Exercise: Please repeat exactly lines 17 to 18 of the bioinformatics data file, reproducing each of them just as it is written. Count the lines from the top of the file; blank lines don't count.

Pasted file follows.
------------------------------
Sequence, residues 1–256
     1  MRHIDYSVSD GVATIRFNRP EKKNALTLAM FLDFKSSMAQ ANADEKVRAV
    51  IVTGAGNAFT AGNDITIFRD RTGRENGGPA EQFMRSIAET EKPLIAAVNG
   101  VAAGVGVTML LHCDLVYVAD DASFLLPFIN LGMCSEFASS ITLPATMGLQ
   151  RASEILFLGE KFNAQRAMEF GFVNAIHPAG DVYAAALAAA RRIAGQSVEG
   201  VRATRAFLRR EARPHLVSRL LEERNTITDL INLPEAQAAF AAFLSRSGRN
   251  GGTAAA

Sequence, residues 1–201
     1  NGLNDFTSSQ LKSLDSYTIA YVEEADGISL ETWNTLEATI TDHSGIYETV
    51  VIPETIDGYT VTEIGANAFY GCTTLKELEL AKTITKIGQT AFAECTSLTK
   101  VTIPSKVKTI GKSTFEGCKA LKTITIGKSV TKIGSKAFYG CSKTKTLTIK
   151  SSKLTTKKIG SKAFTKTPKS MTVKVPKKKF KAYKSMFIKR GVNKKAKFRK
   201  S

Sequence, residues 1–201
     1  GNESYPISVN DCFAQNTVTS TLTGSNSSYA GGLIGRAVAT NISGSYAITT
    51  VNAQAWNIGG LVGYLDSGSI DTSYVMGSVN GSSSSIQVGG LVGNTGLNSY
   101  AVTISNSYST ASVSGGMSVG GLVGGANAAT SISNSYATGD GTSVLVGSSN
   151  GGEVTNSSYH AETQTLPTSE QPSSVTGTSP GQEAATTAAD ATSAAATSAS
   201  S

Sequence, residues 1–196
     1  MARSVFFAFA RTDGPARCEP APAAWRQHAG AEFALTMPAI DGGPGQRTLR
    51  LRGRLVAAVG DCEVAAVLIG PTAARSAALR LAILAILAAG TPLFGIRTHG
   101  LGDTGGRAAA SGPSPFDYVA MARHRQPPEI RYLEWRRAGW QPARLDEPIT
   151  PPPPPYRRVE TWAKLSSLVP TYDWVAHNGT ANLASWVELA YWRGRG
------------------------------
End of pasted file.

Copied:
   101  AVTISNSYST ASVSGGMSVG GLVGGANAAT SISNSYATGD GTSVLVGSSN
   151  GGEVTNSSYH AETQTLPTSE QPSSVTGTSP GQEAATTAAD ATSAAATSAS